Let U-20 finish Afcon qualifiers

As expected, there is a good slice of the football fraternity that would like us to believe that the Flames, having collected just three miserable points from a possible 12 in the 2015 Africa Cup of Nations (Afcon) Group B qualifiers, can still trace their way to the finals next January.

Is this day-dreaming or dreaming in colour copied and pasted the wrong way?

This thing of trying to, by hook or crook, leave empty legacies for selfish reasons has let down Malawi football big time.

I know that management practices entail that leaders should be the last to publicly give up on a cause, but at what cost does Football Association of Malawi (FAM) president Walter Nyamilandu, as quoted in the press, make Malawians believe that the Flames stand a chance to beat Mali and Ethiopia?

Mr Nyamilandu is entitled to his opinion, but the danger is that fans take whatever FAM utters as gospel truth, leading to a backlash when things go wrong. Good management is also about managing expectations.

Mali come to Malawi knowing that three points would seal their Afcon berth from the group, should we begin to cheat ourselves that the Flames can beat the Eagles, let alone win at the high altitude of Ethiopia three days later?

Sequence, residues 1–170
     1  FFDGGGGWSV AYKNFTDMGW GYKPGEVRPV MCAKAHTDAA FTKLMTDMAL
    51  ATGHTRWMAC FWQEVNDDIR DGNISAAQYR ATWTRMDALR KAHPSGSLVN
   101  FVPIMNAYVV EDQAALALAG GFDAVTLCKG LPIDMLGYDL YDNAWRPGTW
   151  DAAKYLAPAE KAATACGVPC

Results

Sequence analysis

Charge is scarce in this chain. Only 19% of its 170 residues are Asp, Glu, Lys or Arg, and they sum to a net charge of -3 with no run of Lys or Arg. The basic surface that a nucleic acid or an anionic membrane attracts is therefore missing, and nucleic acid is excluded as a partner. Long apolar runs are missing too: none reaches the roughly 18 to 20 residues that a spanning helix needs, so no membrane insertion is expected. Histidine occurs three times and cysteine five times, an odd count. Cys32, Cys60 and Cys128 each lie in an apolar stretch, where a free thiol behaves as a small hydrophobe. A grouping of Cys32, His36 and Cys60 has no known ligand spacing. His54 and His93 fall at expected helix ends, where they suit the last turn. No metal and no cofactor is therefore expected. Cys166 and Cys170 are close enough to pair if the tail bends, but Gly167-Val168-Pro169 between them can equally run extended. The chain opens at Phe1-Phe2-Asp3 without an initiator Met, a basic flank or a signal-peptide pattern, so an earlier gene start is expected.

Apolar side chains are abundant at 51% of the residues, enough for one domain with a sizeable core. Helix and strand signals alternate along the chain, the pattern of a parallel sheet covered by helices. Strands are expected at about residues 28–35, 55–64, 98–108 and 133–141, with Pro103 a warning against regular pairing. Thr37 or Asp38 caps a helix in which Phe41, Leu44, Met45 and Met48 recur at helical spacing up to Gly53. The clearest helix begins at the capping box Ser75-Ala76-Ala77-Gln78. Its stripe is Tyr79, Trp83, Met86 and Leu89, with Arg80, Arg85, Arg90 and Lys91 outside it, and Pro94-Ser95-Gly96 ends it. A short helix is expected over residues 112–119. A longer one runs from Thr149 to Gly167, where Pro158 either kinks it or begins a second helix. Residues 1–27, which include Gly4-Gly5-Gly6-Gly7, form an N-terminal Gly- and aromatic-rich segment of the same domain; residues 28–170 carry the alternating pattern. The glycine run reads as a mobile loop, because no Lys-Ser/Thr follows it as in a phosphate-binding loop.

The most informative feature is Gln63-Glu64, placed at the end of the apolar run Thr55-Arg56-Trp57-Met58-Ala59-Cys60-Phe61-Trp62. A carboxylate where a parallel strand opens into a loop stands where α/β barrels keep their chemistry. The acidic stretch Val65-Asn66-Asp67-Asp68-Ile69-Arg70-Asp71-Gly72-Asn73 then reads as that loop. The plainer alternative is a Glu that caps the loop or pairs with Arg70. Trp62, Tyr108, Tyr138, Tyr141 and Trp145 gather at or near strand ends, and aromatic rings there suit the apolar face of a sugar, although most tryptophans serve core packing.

Even if the Flames salvage something from the remaining two games, I will not read too much into it because football has taught me the identity of flukes. And flukes shall always be flukes.

The most sensible thing that the Flames coaches can do is to build a team for 2017 Afcon finals by fusing in the team most players from that impressive Under-20 national team that was two games away from qualifying for Africa Youth finals with an impressive haul of four wins and two losses in six games.

Let the Junior Flames’ players such as Brighton Munthali, Miracle Gabeya, Boston Kabango, Dalitso Sailesi, Ernest Tambe, Chawanangwa Kawonga and Stanley Sanudi be drafted in the Flames to take on Mali and Ethiopia.

It is better losing 5-0 when you have featured a team with genuine teenage players than these 30-year-olds who dominate the Flames.

But then thinking and behaving long-term is never in the DNA of FAM.

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